Neonatal Hypothermia

A Method to Provide Neuroprotection After Hypoxic Ischemic Encephalopathy

Katherine M. Newnam, MS, RN, CPNP, NNP-BC; Donna L. DeLoach, MS, RN, CPNP, NNP-BC


NAINR. 2011;11(3):113-124. 

In This Article

Abstract and Introduction


The evolving progression of hypoxic ischemic encephalopathy has devastating effects accounting for approximately 23% of the four million annual neonatal deaths globally. Of infants who survive, 25% to 55% will suffer significant neurologic sequelae (Pediatrics 2008;121:648-649; author reply 649-650). Scientific evidence has demonstrated significant improvements in clinical and developmental outcomes through therapeutic hypothermia. Interventions initiated within a predefined "therapeutic window" showed decreased secondary cellular injury and aptotosis. The aim of this article is to provide an account of the hypoxic event at the cellular level describing the progression of injury that leads to ongoing neuronal cell damage and death. Historical accounts of experimental and clinical trials to date are provided, which describe scientific evidence used to develop standardized treatment protocols for hypothermia after hypoxic ischemic encephalopathy. Details of current protocols are also provided. Lastly, a focus on nursing interventions with symptom management is provided, giving supportive rationale to assist the bedside nurse when caring for these complex patients in an effort to potentially improve short- and long-term outcomes.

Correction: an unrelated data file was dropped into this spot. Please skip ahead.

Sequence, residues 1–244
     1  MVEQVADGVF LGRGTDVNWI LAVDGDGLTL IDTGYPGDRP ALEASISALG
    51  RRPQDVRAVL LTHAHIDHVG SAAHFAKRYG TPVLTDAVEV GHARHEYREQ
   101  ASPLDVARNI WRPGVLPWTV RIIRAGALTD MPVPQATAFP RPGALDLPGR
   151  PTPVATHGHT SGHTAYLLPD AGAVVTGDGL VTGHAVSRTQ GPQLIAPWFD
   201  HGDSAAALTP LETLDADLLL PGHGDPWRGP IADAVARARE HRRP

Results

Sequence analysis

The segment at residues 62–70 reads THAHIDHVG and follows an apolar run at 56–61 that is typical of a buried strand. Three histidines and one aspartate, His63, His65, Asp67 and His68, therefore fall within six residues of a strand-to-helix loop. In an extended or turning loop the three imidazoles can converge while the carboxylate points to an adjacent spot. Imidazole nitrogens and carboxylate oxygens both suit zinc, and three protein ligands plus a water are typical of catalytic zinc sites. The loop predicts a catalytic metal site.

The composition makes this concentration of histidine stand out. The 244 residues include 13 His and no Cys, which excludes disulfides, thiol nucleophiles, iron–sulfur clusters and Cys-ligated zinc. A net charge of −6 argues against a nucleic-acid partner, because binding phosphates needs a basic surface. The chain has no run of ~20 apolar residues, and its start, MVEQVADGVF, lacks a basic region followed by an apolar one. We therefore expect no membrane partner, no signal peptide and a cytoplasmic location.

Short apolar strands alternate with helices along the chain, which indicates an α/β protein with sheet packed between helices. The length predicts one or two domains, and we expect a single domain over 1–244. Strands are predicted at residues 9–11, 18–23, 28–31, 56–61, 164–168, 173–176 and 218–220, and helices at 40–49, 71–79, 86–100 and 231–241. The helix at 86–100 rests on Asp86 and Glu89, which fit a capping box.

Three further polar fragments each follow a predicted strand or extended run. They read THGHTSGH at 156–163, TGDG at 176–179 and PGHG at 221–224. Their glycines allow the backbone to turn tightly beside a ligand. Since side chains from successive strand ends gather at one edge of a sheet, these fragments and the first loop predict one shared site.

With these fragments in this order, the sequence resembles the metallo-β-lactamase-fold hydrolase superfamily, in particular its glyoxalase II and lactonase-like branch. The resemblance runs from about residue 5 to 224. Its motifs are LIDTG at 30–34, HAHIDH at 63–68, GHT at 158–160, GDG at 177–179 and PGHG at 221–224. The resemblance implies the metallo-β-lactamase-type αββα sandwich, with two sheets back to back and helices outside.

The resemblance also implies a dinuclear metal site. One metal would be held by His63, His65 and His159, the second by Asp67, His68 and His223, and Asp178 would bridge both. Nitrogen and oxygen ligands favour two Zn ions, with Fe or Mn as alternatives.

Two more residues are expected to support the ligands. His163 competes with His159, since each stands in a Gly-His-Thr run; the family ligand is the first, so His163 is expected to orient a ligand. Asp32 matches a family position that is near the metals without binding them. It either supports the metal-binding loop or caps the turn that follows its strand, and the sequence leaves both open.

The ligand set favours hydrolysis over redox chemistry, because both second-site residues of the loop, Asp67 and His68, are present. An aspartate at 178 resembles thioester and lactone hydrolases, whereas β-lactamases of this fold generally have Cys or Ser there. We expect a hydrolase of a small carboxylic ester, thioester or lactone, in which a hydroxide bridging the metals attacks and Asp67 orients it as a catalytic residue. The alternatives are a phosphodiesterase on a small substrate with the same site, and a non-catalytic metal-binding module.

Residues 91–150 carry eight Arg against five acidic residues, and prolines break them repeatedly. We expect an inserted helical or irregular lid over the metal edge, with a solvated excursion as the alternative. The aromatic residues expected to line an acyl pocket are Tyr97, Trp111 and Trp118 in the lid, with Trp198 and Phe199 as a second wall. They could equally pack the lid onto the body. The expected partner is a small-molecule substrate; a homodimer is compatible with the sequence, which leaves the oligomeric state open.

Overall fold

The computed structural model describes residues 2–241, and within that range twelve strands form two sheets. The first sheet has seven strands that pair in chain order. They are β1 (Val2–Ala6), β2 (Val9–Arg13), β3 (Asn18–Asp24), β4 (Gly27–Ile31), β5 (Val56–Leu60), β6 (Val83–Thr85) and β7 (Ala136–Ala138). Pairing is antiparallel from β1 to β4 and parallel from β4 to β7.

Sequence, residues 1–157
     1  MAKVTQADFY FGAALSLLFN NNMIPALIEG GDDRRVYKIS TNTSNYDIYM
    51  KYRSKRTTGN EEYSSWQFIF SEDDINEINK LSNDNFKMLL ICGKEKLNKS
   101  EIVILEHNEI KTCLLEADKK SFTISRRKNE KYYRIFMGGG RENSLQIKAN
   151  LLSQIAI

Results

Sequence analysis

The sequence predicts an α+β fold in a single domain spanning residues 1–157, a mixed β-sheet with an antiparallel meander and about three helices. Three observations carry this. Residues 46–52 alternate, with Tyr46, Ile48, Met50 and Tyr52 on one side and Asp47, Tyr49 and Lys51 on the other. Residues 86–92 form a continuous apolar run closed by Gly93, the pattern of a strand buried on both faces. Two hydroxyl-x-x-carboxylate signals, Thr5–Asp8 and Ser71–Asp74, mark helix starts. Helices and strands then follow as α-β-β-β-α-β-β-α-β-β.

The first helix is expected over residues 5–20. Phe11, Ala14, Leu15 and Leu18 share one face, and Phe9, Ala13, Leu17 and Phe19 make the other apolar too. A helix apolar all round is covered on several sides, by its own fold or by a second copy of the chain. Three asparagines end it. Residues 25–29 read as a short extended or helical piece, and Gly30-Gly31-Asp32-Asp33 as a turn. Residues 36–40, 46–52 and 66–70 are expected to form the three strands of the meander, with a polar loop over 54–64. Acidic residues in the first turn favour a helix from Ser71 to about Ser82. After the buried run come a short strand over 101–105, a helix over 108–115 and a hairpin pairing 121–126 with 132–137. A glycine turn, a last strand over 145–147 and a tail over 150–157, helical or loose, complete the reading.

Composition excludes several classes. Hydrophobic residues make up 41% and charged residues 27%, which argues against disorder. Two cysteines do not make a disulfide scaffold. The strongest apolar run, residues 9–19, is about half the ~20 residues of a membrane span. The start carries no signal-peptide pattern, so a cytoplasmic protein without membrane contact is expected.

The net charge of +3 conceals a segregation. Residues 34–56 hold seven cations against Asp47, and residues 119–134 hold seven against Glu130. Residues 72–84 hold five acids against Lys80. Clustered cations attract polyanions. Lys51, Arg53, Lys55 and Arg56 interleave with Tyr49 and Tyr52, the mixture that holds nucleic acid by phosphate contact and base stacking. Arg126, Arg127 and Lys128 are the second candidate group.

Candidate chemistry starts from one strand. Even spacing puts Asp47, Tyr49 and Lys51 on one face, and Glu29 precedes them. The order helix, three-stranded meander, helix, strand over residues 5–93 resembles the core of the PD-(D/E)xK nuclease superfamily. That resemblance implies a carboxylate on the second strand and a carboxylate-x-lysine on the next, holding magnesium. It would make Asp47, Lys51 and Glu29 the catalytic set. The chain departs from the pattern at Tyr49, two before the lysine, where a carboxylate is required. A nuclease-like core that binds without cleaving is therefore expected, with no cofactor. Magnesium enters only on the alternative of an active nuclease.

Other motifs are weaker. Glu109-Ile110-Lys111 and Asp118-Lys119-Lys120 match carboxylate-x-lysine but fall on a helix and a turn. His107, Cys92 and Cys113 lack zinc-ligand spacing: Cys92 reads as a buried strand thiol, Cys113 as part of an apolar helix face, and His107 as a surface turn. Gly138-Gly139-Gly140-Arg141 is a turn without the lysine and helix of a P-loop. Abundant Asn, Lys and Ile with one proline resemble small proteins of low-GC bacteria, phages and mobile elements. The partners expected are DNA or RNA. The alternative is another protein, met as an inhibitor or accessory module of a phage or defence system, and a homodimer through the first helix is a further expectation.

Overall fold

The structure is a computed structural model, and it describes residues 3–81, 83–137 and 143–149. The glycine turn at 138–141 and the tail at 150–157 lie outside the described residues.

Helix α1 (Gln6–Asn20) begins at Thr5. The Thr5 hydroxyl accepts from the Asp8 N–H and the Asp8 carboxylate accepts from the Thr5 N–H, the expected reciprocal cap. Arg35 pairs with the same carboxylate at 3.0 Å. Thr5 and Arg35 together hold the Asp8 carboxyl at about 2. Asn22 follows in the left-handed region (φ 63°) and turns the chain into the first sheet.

The topic of neonatal hypothermia and its effect on perinatal asphyxia is widespread throughout recent literature. Well-designed experimental studies based on earlier work using animal models are now guiding our treatment with cooling protocols for term infants in neonatal intensive care units (NICUs) across the United States.[1] Multiple systematic reviews and meta-analysis are available to describe the journey from first attempts of cold submersion in the 1950s through the well-organized clinical trials that now define neuroprotection with hypothermia protocols.[2–5] Proposed recommendations for future research are often included in these works that include hypothermia trials on younger neonates (34–36 week of gestation) and combination therapies to augment the protective effect of hypothermia and longitudinal studies to best describe long-term outcomes after hypothermia. A missing piece of the literature to date involves implications for care of these infants provided by expert nurses in the NICU. Understanding the scientific rationale that directs our care for these specialized patients will lead to best practices at the bedside with the potential to impact clinical and developmental outcomes. The focus of this article begins with an understanding of perinatal asphyxia and hypoxic ischemic encephalopathy (HIE). A discussion of hypothermia treatment including the nursing care implications for these infants will follow; finally, an emphasis on the long-term developmental outcomes, providing nursing strategies that potentially will improve these severely affected infants.


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